Learn how to tie the Baby Fat Minnow, including step-by-step instructions, a video tutorial, pictures, and much more. Improve your fly-tying skills here.

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An easy to tie streamer that can be altered to imitate almost any baitfish, the Baby Fat Minnow brings excellent realism in the water and helps coax those tough fish into eating. Initially designed by Cheech at Fly Fish Food for chasing picky fish in stillwater situations, we've found that this is a fly that extends far beyond that setting. Whether you're stripping it back to you on a river, casting it into the mangroves in Florida, or chasing smallmouth bass in a large river, this fly just plain works. Tie it in any size you like and use any colors you need to match your local forage, the Baby Fat is an excellent streamer to have in your box all year long.

We've put together a kit that contains all the materials you need to tie this exact fly pattern.

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Material list:

Step One

Begin your fly by adding your tungsten bead onto the hook. Depending on the size of your hook and bead, you may need to crimp the barb to get it on.

Step Two

Once you have the bead onto your hook, start your thread behind the bead and create a base. After you've created a thread base behind the bead, cross your thread over the top of the bead and create a base in front; repeat this step several times to really lock the bead in on your hook, and end with your thread behind the bead (so that tying the tail in is easier). Adding glue is optional, but if you want to increase durability, a little glue on either side of the hook certainly helps.

Step Three

Select a white marabou plume and measure it to be roughly one-and-a-half the length of the hook's shank. Once measured, tie it in just before the bend of the hook, secure it, and trim the excess.

Step Four

Grab some Hareline Ice Dub in the color Minnow Belly and rip stack it in your hands in order to get it aligned properly before tying in. Once aligned, tie it in over the tail, but leave some fibers extending forward. Once secured, pull the forward-facing fibers rearward and tie them in.

Step Five

Now advance your thread in front of the bead. We're going to use some Hareline Bruiser Blend for the head and body, so select a bunch that's just a bit shorter than the tail and tie it in behind the hook's eye, leaving some material facing forward towards the hook's eye.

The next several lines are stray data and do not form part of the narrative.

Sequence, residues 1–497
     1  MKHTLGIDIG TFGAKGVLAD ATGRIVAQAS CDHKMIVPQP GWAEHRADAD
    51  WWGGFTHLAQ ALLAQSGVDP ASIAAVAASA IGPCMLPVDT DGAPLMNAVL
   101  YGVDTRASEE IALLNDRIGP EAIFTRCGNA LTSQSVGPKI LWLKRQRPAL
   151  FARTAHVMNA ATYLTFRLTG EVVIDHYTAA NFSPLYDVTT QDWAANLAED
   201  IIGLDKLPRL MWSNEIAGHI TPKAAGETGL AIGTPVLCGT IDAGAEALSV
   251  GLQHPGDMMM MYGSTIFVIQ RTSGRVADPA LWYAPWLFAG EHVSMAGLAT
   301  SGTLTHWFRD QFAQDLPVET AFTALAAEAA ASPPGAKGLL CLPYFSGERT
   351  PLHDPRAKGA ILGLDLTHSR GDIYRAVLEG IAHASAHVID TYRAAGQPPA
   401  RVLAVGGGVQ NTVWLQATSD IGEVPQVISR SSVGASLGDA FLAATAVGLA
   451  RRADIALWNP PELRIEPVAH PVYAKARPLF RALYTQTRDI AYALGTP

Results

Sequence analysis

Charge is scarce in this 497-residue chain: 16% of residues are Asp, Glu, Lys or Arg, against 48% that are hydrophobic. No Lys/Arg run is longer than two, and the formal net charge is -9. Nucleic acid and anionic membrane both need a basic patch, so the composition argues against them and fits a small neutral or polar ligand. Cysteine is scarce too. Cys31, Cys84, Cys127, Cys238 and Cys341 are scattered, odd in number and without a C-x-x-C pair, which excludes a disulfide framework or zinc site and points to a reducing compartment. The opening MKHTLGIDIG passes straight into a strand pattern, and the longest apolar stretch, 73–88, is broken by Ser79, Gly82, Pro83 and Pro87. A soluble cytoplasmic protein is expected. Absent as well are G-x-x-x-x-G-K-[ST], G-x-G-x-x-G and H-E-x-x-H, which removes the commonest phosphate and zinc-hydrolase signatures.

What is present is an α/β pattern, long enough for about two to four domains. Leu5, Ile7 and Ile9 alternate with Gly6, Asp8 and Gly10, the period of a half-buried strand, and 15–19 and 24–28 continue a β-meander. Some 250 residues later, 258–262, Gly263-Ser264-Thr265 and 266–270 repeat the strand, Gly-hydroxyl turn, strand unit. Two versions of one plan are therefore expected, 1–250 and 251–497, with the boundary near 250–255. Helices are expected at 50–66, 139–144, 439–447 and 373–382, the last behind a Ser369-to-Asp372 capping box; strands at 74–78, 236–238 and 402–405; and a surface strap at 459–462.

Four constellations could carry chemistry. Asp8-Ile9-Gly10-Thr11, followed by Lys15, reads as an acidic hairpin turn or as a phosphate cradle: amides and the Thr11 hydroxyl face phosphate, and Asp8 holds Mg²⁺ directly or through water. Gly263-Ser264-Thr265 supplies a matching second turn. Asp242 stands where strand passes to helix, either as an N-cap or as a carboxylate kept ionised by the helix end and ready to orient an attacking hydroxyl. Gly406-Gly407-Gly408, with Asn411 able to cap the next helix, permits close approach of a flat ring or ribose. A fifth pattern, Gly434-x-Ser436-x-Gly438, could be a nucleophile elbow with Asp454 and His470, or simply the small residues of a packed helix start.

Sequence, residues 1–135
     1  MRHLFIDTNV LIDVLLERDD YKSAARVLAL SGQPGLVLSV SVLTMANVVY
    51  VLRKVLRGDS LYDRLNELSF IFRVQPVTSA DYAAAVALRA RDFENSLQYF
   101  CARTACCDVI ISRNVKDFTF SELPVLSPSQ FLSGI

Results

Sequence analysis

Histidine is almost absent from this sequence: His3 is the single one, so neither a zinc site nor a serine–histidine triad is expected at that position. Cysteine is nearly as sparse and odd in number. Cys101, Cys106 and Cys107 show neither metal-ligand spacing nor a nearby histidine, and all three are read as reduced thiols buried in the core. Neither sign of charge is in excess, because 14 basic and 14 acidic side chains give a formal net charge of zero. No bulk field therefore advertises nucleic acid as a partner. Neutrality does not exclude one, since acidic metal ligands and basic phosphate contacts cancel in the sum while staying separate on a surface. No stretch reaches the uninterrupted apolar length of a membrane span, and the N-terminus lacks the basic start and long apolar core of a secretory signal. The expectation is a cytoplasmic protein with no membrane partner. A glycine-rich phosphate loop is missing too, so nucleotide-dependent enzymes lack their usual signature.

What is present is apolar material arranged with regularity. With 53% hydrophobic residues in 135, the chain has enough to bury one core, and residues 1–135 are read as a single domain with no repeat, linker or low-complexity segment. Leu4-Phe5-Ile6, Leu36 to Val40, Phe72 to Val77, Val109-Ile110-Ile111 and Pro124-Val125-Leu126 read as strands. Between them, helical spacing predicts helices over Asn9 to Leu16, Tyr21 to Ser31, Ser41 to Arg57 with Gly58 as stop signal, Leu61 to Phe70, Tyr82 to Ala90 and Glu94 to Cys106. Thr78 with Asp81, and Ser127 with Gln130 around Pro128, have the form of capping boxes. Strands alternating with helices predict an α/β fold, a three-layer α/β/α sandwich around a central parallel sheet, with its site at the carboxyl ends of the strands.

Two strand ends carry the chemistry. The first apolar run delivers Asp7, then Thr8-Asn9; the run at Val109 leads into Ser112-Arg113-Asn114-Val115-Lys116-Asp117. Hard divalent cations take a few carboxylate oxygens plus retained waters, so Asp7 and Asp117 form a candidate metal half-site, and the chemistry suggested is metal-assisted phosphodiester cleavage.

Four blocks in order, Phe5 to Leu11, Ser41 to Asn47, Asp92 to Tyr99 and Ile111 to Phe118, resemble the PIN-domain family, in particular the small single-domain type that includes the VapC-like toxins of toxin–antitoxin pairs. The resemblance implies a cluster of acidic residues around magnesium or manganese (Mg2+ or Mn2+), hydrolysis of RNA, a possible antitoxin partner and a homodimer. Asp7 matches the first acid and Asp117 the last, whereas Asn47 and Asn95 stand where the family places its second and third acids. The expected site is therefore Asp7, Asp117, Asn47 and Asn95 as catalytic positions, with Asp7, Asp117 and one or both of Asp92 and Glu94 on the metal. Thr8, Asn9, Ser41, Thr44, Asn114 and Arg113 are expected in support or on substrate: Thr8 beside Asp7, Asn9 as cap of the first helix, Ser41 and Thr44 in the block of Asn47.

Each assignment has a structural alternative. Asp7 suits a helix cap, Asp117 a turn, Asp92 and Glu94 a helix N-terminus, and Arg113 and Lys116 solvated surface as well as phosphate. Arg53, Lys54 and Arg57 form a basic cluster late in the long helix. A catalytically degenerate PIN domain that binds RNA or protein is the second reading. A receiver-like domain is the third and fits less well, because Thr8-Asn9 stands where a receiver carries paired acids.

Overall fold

Step Six

Invert your fly in the vise and repeat that exact step with a lighter color Bruiser Blend. It's important to keep solid separation between the two colors here in order to showcase the darker back and lighter belly found on most baitfish.

Step Seven

Now pull your thread in front of the Bruiser Blend, sweep the fibers facing forward rearward, and create a dam in front in of them to keep them oriented towards the tail of the fly. Once they're facing the rear, use a comb or bodkin to straighten the fibers out.

Step Eight

Now secure the fly with a whip finish, as we are done with the tying process of the fly.

Step Nine

Now take your Copic Marker and shade the top of the fly. We're using brown, but any contrasting color can be used, and then take a red marker and create some gills. This is an optional step, but it does add some realism.

Step Ten

Now, secure each eye with a dab of Gel Super Glue. You can put the glue right onto the head or apply it to the back of the eye before applying them, chef's choice.

Step Eleven

Now completely coat the head and eyes of your fly with UV Resin--we're using Loon's Thick formula, but any that you have can work-- and cure it with your UV light.

Your fly is now finished and ready to swim the next time you're fishing. From flowing to stillwaters, this streamer works just about everywhere.